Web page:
The Million Dollar Views of Trial Bay Gaol

Trial bay Gaol

South West Rocks is roughly halfway between Sydney and Brisbane, if you’re traveling by sea. Today its gorgeous beaches and lighthouse make it a popular holiday destination for families, but in the late 1800s it was better known for its public works prison, Trial Bay Gaol.

Arakoon jail
I feel like such a prat saying ‘gaol’ but that’s technically what it’s called.

In its first iteration as a public works prison in 1878, prisoners were employed to build a breakwall of 150 meters in length. Rough seas over the years caused much of their work to wash away, and after a decade they had managed a measly 22 meters of breakwall. The project – and prison – was abandoned in 1903.

Trial bay Beach
Trial Bay itself – named for a shipwreck, not the gaol.

It opened again as an internment camp during World War I to hold Germans suspected of espionage and other crimes. Most of these men were falsely accused, their only connection to Germany being their passports. It was the elite members of society who were sent to Trial Bay, where they established a small village of 500.

Trial bay prison walls
Is it weird that I find this pretty?

The inmates developed a sports and arts scene; there was a baker, carpenter, and even a newspaper. On the surface it sounds like a sweet deal for a prisoner, until you realize that many of the men were innocent and had been taken away from their families during a time of war.

The first thing I noticed when entering the prison was not the historical ruins of the Gaol but this excellent and informative sign:

Kangaroo warning sign
That…is an enormous kangaroo.

I then made a beeline for the watchtower so I could soak up the views.

Trial Bay views
Million dollar views and free rent = priceless. Except for that false imprisonment thing.

As I circled through the grounds, I spotted them: the aggressive kangaroos.

baby kangaroo

The rabid kangaroos had chosen the old bathhouse as their hangout. When Jared found me, I was relaxing in the empty concrete bath, enjoying my proximity to imminent danger.

Prison Bathhouse
Now that’s a framer.

“Did you see the cells?” Jared asked.

I hadn’t, completely forgetting about the middle of the prison as soon as I saw the wildlife. Turns out the non-furry parts of the gaol were also interesting.

Trial bay prison barracks
The barracks.

We toured the tiny two-room museum on the way out, and agreed that the $10 entry fee was well worth it for what we’d gotten. Him: a glimpse into history. Me: more kangaroos and an empty bath.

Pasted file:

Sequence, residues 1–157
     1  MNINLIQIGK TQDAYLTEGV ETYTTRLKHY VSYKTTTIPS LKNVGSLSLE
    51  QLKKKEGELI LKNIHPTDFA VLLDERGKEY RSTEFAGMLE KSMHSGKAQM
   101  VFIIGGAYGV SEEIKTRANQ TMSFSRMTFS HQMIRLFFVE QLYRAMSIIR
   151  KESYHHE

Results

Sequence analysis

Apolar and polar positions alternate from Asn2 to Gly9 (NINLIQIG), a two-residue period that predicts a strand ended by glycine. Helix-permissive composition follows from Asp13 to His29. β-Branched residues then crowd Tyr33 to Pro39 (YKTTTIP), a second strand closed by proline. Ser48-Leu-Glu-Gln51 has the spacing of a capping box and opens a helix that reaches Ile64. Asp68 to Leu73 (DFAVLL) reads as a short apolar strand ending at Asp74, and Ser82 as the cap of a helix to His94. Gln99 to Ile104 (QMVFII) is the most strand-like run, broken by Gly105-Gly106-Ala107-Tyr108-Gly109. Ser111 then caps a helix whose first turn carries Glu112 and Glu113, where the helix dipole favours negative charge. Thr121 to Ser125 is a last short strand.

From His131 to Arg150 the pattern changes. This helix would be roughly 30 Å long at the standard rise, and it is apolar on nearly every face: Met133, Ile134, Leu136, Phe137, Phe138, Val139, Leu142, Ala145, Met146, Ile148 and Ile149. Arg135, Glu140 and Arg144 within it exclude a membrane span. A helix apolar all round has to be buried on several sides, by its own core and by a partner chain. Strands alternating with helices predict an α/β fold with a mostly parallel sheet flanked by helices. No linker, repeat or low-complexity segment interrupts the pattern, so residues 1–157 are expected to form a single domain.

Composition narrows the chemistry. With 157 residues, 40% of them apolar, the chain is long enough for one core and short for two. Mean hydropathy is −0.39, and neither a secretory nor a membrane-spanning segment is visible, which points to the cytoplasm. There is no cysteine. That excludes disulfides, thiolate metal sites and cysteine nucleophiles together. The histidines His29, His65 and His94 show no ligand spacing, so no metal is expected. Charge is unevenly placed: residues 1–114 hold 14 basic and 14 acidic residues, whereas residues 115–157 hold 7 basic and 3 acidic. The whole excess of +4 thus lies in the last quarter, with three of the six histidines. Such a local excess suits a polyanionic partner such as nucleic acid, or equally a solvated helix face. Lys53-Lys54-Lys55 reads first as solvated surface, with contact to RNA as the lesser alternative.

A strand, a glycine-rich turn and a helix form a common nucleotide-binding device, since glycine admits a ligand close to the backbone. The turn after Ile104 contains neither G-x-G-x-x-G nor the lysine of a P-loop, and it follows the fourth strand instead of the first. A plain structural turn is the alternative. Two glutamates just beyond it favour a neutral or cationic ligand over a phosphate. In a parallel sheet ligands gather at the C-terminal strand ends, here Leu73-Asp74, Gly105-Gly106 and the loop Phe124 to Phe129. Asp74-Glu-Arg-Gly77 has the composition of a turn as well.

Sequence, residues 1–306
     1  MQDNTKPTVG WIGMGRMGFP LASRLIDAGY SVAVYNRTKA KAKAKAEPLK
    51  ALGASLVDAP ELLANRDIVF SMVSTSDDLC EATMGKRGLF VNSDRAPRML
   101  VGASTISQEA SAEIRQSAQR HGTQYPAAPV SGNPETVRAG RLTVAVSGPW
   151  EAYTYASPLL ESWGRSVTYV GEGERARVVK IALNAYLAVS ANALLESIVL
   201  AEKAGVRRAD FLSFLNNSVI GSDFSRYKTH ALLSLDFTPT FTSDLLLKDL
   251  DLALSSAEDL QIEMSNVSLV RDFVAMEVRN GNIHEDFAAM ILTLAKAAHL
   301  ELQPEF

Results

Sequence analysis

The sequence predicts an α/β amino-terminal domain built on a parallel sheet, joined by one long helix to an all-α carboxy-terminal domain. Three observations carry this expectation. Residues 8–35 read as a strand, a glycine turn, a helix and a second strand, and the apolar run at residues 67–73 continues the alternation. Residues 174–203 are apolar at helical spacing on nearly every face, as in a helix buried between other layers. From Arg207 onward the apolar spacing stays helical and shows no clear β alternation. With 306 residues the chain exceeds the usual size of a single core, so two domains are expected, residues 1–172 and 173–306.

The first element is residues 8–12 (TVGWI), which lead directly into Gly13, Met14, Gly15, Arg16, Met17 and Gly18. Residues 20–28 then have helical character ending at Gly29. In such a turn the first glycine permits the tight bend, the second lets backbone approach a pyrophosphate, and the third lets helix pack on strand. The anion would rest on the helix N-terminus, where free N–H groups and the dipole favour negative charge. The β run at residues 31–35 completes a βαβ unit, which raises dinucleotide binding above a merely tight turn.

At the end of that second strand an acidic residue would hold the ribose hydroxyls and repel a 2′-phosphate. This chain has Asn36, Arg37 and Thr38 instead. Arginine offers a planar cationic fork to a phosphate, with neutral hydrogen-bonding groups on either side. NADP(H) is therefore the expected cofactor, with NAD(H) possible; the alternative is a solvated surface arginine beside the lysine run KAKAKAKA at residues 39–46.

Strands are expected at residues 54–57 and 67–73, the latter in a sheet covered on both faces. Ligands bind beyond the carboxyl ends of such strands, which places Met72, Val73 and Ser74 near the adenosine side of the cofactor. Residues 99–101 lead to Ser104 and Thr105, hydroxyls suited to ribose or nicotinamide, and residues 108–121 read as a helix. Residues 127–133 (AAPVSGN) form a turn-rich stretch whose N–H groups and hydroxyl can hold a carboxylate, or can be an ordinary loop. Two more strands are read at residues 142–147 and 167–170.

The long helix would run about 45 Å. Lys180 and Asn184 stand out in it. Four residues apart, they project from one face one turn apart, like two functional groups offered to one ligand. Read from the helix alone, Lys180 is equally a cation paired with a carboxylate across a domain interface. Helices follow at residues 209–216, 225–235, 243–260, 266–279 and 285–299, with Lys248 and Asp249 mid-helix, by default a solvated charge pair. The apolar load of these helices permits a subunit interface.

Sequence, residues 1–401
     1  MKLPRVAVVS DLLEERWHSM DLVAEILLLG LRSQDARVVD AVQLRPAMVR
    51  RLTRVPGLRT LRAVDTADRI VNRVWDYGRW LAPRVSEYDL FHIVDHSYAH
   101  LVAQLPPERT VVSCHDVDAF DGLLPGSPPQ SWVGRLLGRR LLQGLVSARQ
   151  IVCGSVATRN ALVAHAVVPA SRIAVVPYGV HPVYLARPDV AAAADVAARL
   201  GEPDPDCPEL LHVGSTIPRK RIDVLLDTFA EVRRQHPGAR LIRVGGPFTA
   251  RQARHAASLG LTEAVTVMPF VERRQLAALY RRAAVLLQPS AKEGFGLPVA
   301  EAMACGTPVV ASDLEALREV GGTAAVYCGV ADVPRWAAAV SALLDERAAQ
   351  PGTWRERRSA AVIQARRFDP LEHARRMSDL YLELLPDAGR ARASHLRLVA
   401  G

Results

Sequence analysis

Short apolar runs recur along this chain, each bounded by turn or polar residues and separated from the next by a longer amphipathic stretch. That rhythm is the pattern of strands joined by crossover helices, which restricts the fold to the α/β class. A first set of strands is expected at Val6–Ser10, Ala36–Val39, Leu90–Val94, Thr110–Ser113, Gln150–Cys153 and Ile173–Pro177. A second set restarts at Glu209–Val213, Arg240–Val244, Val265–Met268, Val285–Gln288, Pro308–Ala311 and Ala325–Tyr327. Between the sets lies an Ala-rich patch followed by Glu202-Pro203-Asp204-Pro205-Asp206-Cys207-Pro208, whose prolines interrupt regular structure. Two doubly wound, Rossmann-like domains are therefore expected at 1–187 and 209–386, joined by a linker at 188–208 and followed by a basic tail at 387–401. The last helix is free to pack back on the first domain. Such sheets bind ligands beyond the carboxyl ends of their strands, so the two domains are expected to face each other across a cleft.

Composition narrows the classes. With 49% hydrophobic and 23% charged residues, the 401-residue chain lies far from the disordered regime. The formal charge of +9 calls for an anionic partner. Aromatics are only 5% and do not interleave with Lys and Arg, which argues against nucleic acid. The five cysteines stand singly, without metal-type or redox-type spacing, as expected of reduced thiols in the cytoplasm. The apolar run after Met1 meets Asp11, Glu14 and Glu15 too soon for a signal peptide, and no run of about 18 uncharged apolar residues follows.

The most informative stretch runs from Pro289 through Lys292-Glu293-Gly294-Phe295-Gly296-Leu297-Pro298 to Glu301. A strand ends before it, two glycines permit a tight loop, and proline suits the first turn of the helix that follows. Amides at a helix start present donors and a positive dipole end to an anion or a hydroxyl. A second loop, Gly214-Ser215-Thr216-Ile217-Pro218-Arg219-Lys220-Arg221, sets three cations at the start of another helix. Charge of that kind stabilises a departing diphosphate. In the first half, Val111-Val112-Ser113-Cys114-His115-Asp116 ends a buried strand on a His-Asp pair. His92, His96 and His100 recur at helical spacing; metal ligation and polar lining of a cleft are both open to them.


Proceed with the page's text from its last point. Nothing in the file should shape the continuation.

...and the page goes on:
On the way out of town we followed the signs to the Smoky Cape Lighthouse. In 1770 Captain James Cook spotted smoke rising from a mountain and bestowed upon the cape the best name he could think of; never mind that the land wasn’t his to name or claim.

Lighthouse NSW
Move over Shakespeare, Captain Cook is in town and he brought his way with words.

The walk up to the lighthouse caught me off guard. It was so beautiful, and I didn’t even have to try to spot the whales. They were everywhere. It was like that pop-up gopher game at Showbiz (you know what I’m talking about, Indiana) except no one was trying to whack the whales.

Smoky Cape Arakoon
GAH. So beautiful.

We must have seen twenty humpbacks, breaching and slapping their tail flukes. I had to tear myself away, knowing that we needed to get back to the farm before dark. This was only possible after I’d taken 473 mostly terrible photos of the whales.

Irrefutable proof of at least three whales.

It’s not lost on me how strange it was to roam through an old prison, camera in hand, yet walk away with stronger memories of kangaroos and whales than of people’s hardships. Perspectives are funny that way; it’s so easy to overlook the ugly reality of history when it doesn’t affect us directly, isn’t it?

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  1. I’m really enjoying your posts, Lauren! I agree the prison yard area was beautiful and I think because there were no actual pictures (evidence) hanging of the prisoners actually living there, maybe it was easier to not think about that. Also, I’m glad kangaroos still impress you. 🙂 I feel like, eventually, they must be like deer to a Hoosier.

    1. Thanks Court! I think I will always be amazed by kangaroos, but you’re right, to the Aussies they’re like deer to us. I still announce it out loud whenever I spot kangaroos or wallabies, I can’t help it!

  2. This spectacular beach has two grassy headlands to picnic on, a sandy beach to sunbake and sheltered cove to swim in. It is patrolled on weekends and during holiday season.

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